What I’ve always wondered was why an online bookstore was the first one to grab hold of the e-reader concept. E-books are not new, nor are e-readers. They have been waiting in the wings for a decade or more, waiting for a company to invest and make things happen. Why wasn’t this investor a publishing house? Why not a major bookstore chain? Surely they are meant to be knowledgable about their industry and future trends, so why weren’t they the ones creating the new digital marketplace instead of Amazon? The answer is obvious. Amazon had the balls to do it and had an eye on the future, instead of a protectionist view of old and antiquated business and media models. To the victor go the spoils.
But other industry observers have argued that an Australian Amazon presence will be good for consumers and readers. As Kobo’s Malcolm Neil told Melbourne’s Independent Publishing Conference recently: “Amazon is good because the customer likes them … We’re not going to win the argument by telling people they’re wrong.”
Didn’t I say above about Kobo’s boss being a bright guy that knew what the industry wanted? If you’ve heard Malcolm talk about the publishing industry before you know that he has a lot of good points that have been left out, can’t think why. Malcolm’s points are the first example in this article of a different viewpoint being offered. But we’ve already been setup to either disagree with it or ignore it.
Martin Shaw, books division manager at independent retailer Readings, argues that Amazon’s Australia venture may not be such big a deal. “It is only ebooks,” he says. “That market has got so many players in it now, who knows what sort of impact it will have? We will just have to see how the dust settles.” Shaw foresees a coming war of devices in which competitors try to lock customers into competing ecosystems. “I think there will be a lot of devices flooding the market trying to get people to enter the walled garden,” he says. “That will force other e-tailers like Kobo to become more aggressive.”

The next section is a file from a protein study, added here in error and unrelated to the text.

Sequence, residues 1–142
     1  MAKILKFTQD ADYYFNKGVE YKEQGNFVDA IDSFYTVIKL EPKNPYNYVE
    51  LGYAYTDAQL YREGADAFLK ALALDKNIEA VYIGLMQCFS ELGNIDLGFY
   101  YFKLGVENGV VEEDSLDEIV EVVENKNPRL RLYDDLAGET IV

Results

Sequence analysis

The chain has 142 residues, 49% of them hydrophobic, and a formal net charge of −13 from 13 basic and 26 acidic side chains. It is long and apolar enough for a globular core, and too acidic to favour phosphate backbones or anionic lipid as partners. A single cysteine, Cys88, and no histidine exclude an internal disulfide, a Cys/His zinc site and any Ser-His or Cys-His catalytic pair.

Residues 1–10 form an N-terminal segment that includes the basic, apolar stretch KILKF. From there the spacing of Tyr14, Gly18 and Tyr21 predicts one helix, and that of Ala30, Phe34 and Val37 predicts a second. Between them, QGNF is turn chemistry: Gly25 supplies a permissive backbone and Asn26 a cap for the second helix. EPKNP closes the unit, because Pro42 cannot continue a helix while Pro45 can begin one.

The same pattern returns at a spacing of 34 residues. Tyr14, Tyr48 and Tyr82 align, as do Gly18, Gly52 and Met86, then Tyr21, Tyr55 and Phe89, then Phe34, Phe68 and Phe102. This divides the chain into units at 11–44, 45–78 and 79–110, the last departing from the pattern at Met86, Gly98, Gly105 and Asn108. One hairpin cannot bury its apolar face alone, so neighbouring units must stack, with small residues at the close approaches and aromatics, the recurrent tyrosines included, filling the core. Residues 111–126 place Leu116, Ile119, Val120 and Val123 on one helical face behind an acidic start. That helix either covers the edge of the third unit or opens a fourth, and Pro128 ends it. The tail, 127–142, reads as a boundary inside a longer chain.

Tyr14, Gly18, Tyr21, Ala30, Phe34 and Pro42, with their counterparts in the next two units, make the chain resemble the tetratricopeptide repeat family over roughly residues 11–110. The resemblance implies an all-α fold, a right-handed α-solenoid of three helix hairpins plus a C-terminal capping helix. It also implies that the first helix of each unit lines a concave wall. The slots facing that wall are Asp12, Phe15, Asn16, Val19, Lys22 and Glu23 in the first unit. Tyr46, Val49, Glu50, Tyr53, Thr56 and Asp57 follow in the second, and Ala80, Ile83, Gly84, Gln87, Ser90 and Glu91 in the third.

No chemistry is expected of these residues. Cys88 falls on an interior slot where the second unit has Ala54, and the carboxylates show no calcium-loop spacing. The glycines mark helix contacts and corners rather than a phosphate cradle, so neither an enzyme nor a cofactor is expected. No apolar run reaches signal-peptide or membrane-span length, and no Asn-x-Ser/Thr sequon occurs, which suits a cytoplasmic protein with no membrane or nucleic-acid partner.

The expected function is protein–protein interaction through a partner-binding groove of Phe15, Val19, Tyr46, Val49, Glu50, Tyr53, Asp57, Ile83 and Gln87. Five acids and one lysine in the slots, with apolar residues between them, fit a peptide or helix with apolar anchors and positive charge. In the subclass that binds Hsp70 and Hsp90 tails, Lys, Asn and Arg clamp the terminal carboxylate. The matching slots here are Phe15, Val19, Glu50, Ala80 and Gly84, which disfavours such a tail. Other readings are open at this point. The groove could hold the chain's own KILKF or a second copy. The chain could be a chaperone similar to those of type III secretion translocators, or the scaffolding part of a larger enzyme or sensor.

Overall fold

This speaks to my points above about Amazon and Kindle only being one technology change away from losing market share. I used the example of tablets and phones, but there are other examples in the online stores themselves. Both Kobo and Amazon have exclusive author deals happening. We’ll probably see more of this, which starts to sound like publishing houses and their favoured deals with stores.
Of course the irony is that, in our globalised world, Amazon is not really “starting up” in Australia at all. The retail behemoth has long been prising open the wallets of Australian consumers, who have been buying books and all manner of other things from Amazon in the US for years – estimates of how much that market is worth vary enormously. The move by Amazon to begin an “.au” store that trades in Australian dollars and sells Australian ebooks through Kindle merely makes that custom one step easier. “All that’s changed now is that it’s an Australian-facing site,” Page argues.
I think the irony with this paragraph is the use of the term irony when there appears to be none. But it does give the article a chance to move away from the viewpoints the author disagrees with and move back to more Amazon hate.